NEW DELHI — Indian and Pakistani officials held their first bilateral meeting since an outbreak of hostilities last month that raised fears the two nuclear-armed neighbors could stumble into war.
After weeks of heightened tensions, officials from the two countries met Thursday for talks on a proposed road link from India to a major Sikh temple in Pakistan.
The shrine is one of the holiest sites for followers of the Sikh religion, and it sits less than three miles from the border between the two countries. India and Pakistan agreed in November to create a corridor to the temple to make it easier for Indian pilgrims to visit.
A joint statement following several hours of talks described the discussions as “detailed and constructive” and said the meeting unfolded in a “cordial environment.”
But India has emphasized that the meeting on the shrine, which is located in the Pakistani town of Kartarpur, does not represent a thaw between the two countries.
Raveesh Kumar, spokesman for India’s foreign ministry, said last week that the talks were not a resumption of bilateral dialogue but a sign of respect for “the emotions and sentiments of Indian citizens of Sikh faith.”
Tensions between India and Pakistan soared after a suicide bombing on Feb. 14 killed 40 Indian security personnel in the disputed region of Kashmir. Jaish-e-Muhammad, a Pakistan-based terrorist group, asserted responsibility for the attack, and on Feb. 26, India launched a retaliatory airstrike. Pakistan responded the next day, and the two countries engaged in their first aerial dogfight in decades.
Since the Feb. 14 attack, India has worked to isolate Pakistan through diplomacy. At India’s urging, the United States, France and Britain moved a proposal at the United Nations Security Council to designate Masood Azhar, the founder of Jaish-e-Muhammad, as a terrorist. On Wednesday, China, a staunch ally of Pakistan, blocked the move, saying it needed “enough time to study the matter.”
India’s decision to go ahead with the meeting on Kartarpur despite the bitterness of the past few weeks is partly a political calculation. Prime Minister Narendra Modi faces a competitive national election starting next month. His party is not in power in the state of Punjab, where two-thirds of India’s 21 million Sikhs reside. Access to the temple has been a long-standing demand of the community.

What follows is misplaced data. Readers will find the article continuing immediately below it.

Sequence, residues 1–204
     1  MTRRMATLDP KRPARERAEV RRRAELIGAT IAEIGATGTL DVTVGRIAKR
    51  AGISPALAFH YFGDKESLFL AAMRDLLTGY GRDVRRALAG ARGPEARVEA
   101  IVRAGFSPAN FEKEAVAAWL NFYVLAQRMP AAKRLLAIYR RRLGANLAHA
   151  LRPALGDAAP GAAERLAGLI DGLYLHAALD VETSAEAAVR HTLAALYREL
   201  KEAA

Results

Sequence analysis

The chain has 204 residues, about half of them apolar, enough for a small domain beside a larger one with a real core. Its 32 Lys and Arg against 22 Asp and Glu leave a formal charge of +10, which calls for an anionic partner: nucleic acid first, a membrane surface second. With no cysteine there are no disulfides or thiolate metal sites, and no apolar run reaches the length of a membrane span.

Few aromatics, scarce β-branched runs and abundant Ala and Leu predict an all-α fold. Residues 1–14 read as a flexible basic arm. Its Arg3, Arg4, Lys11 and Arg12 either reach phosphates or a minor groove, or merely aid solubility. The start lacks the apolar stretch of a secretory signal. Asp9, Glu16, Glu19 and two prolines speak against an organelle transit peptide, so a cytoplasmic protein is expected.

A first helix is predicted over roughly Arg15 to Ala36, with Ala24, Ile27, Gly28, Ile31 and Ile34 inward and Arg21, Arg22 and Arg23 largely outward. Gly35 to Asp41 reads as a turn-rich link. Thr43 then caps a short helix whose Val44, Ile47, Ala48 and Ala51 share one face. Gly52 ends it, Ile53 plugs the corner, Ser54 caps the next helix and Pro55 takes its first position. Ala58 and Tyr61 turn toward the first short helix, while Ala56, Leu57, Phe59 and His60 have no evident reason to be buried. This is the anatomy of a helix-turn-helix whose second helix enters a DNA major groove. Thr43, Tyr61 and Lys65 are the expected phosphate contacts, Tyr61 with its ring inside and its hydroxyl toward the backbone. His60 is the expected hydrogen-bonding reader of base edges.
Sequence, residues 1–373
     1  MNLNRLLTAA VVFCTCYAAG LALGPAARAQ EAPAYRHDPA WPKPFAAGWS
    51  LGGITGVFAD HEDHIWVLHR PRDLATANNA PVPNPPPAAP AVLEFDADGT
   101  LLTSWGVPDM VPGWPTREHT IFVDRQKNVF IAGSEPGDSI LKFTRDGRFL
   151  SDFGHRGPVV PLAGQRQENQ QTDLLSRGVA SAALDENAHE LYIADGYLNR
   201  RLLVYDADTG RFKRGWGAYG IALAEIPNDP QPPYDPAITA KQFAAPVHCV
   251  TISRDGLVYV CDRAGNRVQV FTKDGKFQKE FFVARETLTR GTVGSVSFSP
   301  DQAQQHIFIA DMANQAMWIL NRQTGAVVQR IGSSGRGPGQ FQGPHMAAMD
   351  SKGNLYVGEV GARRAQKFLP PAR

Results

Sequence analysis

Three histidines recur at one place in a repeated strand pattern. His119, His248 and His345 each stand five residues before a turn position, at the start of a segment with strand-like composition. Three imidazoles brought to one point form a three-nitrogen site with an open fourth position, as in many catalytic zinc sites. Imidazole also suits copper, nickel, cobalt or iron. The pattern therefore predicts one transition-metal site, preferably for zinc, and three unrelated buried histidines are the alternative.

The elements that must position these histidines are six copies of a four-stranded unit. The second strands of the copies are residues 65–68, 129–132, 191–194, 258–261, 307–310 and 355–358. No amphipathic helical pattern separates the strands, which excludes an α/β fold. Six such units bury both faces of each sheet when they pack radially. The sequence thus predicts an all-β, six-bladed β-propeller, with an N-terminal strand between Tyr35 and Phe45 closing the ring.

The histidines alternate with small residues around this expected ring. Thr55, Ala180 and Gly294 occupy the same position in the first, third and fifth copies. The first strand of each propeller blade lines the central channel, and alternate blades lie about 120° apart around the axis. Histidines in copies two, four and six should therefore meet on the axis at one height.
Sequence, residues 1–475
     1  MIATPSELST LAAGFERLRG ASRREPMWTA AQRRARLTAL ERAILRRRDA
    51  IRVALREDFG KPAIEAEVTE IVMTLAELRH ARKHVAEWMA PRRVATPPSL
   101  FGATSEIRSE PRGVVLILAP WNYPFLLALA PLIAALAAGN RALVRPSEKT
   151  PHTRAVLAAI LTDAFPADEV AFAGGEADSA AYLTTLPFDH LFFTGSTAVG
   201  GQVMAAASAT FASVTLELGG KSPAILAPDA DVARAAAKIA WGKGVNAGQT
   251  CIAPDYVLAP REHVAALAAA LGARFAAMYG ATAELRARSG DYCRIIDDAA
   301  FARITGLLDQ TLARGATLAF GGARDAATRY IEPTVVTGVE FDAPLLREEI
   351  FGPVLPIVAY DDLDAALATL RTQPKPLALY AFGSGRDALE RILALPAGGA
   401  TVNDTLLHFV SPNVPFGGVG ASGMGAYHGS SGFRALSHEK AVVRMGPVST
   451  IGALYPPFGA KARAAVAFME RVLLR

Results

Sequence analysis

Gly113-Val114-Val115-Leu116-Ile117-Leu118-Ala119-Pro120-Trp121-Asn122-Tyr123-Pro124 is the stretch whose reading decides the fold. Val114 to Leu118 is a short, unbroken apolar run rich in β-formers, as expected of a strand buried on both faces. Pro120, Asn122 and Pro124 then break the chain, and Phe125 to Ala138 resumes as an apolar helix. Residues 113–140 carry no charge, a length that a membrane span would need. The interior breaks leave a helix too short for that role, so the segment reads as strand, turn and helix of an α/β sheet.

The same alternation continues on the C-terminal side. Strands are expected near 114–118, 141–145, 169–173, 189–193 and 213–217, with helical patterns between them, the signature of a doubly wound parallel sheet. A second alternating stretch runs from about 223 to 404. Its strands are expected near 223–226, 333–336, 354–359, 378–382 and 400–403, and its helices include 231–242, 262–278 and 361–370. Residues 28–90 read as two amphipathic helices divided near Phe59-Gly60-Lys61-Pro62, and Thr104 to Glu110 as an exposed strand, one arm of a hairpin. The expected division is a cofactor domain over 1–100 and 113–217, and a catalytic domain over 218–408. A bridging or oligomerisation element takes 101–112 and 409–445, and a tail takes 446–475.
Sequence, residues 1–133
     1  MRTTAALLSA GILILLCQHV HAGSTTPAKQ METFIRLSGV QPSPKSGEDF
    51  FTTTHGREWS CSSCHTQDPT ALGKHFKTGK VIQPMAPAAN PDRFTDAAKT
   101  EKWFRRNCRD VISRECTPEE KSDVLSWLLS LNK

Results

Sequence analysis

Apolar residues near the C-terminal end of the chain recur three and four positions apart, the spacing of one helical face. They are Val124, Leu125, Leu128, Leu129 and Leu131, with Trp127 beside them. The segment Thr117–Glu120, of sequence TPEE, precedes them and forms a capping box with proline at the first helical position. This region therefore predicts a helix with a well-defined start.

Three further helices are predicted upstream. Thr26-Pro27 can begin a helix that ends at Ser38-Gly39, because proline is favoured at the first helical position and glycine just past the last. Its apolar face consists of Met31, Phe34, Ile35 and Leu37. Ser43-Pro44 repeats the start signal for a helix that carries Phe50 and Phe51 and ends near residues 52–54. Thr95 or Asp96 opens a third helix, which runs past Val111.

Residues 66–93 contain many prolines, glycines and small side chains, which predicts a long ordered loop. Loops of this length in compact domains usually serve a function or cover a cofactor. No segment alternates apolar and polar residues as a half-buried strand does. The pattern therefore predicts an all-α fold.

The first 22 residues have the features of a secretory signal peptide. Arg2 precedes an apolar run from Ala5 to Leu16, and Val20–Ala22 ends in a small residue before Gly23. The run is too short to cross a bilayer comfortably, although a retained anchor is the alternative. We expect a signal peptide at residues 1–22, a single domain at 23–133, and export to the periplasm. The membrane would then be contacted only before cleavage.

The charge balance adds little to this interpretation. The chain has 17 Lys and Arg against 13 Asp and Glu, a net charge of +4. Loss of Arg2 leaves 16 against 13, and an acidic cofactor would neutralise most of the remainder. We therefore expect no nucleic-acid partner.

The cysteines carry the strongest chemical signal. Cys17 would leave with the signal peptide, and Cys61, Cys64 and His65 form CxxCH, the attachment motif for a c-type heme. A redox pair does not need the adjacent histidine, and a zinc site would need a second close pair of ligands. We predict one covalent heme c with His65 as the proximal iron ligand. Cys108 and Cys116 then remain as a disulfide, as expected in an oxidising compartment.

The corridor was viewed by both sides as a potentially positive confidence-building measure. Last year, when Pakistani Prime Minister Imran Khan laid the foundation stone for the road link, he sounded a hopeful note. “If France and Germany, who fought several wars, can live in peace, why not India and Pakistan?” he asked.
The two countries want to open the corridor before November, which will mark the 550th birth anniversary of Guru Nanak, the founder of Sikhism. Guru Nanak spent the last years of his life in Kartarpur.
Indian officials who were part of Thursday’s meeting said they requested that Pakistan provide visa-free access to pilgrims without any additional procedures. They also asked Pakistan to allow for 5,000 pilgrims every day, which would include not just Indians but people of Indian origin visiting from abroad.
Indian pilgrims to Kartarpur must obtain a visa from Pakistan before making a circuitous journey to the shrine. It includes traveling to the official border crossing 75 miles away followed by a two-hour bus ride to the temple. After the road is built, they may be able to walk the three miles to the shrine from India.
More than a dozen officials from both sides participated in the meeting, held at the Attari border crossing in Punjab. A photograph of the meeting shared with the media showed unsmiling officials from both sides seated across from one another separated by a row of plants.